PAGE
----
Then it was finished. Things do tend to just finish. She set down the linen. Turned off the standard lamp. Sat. Those dark moments seemed to go on, far too long. Shallow breathes threatened to overflow. Turning to the deck door she saw the thin sideways moon smirking at her.


            Now is the time to drink! Horace’ - never a question with Harriet, always a statement. She turned on the lounge room pendant light. She draped this newest unframed embroidery over her grandest Ibsen stitchery of a thousand words that commandeered the fireplace.


            She collected a bottle of sauvignon blanc from the fridge and a glass from the cabinet. A small rustic pine frame, hung with heavy twine on the knob, swung as she opened and closed the door - In vino veritas, that was one of the earliest ones she’d stitched. Her first brimful glass always ran effortlessly and swiftly, submerging the past.


            Harriet circled back into the lounge room, placed the glass and bottle on her side table and stood with hands-on-hips, facing her latest wordy garden piece: If it’s worth doing today it’ll still be worth doing tomorrow.


            ‘For the love of Horace,  I misspelled today!’ 


            Harriet bent to the side table to seize the glass. Posed like Lady Liberty she exclaimed another of her favourites, ‘Carpe vinum,’ as she raised a toast to TOADY.


            With bemusement, crossed with a little frustration, she plonked into her chair. Harriet gazed beyond the deck to the small garden. She imagined the moon’s soft light illuminating the wind-strewn mottled green swirls of duck weed on William’s pond.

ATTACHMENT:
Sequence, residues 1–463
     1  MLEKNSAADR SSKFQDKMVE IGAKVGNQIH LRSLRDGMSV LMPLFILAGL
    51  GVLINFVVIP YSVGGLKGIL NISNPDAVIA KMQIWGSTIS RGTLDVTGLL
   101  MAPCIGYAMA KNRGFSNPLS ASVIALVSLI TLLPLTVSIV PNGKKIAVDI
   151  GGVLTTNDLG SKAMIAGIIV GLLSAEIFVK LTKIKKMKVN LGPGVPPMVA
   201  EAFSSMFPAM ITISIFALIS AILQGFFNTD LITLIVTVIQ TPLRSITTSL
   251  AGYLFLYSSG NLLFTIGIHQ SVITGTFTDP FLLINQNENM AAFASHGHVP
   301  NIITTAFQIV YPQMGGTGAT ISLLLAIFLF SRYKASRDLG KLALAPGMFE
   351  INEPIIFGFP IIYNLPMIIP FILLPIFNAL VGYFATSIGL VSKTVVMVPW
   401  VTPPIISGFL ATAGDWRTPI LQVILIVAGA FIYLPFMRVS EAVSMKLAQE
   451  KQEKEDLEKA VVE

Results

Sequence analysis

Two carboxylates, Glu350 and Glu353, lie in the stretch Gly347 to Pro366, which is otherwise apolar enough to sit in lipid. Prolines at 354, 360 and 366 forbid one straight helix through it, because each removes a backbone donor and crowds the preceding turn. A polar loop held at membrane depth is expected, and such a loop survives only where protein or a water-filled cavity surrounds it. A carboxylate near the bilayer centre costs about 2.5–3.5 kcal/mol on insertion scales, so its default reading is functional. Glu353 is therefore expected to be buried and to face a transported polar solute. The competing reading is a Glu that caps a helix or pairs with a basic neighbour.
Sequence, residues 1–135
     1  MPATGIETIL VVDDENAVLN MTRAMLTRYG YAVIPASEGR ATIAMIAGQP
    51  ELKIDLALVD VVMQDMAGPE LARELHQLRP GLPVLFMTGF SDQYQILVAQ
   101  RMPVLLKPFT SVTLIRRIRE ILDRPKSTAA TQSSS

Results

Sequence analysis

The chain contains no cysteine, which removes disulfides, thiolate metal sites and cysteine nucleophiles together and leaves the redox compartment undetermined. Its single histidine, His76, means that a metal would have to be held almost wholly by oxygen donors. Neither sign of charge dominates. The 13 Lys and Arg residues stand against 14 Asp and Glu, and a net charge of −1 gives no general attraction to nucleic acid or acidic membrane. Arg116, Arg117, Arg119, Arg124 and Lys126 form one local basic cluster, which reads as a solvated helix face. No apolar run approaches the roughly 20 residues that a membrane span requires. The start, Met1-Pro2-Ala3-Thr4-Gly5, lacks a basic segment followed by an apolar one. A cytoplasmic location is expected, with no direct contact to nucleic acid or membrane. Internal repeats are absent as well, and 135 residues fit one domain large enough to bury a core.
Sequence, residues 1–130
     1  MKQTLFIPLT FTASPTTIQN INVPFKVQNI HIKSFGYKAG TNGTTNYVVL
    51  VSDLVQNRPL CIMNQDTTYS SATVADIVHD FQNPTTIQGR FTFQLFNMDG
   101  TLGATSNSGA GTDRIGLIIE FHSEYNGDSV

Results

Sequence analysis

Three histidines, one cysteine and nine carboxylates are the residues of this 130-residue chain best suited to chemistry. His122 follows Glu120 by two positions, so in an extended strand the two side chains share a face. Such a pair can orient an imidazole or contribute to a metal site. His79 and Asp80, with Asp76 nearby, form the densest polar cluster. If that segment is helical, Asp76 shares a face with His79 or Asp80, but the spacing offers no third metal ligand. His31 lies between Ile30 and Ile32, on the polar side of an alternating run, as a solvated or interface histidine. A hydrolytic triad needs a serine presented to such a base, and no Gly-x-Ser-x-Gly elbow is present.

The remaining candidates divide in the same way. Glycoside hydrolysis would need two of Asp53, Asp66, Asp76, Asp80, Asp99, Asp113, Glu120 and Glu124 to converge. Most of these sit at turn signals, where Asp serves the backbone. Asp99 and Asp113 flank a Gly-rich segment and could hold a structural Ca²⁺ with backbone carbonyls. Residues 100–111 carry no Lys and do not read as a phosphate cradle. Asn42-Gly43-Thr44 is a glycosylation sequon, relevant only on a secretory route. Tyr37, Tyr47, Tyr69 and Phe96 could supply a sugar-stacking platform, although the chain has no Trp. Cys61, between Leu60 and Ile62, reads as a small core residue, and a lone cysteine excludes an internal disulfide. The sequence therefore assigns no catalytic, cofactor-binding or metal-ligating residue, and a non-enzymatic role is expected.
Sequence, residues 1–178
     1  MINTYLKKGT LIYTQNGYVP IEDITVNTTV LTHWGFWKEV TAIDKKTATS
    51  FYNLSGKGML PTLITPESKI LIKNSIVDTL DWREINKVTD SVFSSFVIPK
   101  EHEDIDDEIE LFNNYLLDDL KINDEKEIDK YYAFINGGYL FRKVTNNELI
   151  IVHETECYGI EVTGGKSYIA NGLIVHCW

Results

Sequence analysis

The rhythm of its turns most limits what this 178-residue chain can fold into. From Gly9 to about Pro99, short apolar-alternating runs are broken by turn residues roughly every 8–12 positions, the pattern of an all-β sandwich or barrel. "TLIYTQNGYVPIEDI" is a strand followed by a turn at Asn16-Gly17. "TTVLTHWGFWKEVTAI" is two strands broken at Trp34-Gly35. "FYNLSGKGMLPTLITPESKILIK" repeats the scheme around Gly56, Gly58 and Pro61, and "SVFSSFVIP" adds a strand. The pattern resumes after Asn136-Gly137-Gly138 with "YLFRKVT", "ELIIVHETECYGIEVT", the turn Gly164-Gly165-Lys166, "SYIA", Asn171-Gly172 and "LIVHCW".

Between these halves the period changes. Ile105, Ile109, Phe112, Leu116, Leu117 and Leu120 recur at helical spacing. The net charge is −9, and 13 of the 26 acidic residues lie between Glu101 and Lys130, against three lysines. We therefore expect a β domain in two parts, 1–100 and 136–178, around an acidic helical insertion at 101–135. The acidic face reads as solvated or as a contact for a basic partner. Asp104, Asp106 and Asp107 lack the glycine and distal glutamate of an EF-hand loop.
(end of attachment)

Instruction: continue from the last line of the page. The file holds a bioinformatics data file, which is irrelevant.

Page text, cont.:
Horace was pacing; waddling sentinel-like across the deck; surprised at the late night attention. Who there?; he raspingly called in his low base notes; Who you? ‘We are two funny old ducks,’ Harriet replied, confirming the obvious, ‘M’lady and mallard.’


             Harriet, consoled, smiled. Horace, reassured, plucked.


            As she allowed her droopy eyelids to close, Harriet looked back to that decisive fifteen-year-old Monday: ‘Every duck has its day…..that was mine.’

About the author 


Geoff retired, early, from careers in the theatre, hospitality management, and marketing since "there wasn't time to read". Now in phase two of retirement Geoff is attempting to gather his own words into stories. Geoff is an Australian who migrated in the atypical direction and now resides in New Zealand.